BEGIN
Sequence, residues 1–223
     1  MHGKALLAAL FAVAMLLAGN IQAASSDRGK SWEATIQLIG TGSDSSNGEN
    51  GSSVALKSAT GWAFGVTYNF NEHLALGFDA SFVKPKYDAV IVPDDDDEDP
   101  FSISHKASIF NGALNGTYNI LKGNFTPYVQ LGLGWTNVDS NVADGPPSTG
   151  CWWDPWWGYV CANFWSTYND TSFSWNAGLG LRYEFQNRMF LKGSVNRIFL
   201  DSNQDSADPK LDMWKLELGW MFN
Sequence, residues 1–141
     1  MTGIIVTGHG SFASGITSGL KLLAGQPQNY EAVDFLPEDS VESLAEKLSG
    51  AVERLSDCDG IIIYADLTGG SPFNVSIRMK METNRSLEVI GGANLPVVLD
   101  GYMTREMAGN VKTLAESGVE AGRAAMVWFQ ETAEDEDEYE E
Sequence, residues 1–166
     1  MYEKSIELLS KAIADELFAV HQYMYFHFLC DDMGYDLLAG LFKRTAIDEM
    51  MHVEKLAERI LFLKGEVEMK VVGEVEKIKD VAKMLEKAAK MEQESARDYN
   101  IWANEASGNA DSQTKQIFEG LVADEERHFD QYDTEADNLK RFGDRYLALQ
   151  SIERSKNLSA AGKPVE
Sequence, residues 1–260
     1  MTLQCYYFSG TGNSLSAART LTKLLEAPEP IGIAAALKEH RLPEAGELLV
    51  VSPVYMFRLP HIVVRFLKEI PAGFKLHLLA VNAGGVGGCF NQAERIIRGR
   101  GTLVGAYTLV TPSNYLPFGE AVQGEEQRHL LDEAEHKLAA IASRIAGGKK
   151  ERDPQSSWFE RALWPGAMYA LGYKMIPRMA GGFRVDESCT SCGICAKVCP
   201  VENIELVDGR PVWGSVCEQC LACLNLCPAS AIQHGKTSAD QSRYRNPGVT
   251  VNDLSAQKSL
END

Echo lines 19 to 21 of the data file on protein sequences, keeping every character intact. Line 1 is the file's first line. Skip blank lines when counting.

   101  GTLVGAYTLV TPSNYLPFGE AVQGEEQRHL LDEAEHKLAA IASRIAGGKK
   151  ERDPQSSWFE RALWPGAMYA LGYKMIPRMA GGFRVDESCT SCGICAKVCP
   201  VENIELVDGR PVWGSVCEQC LACLNLCPAS AIQHGKTSAD QSRYRNPGVT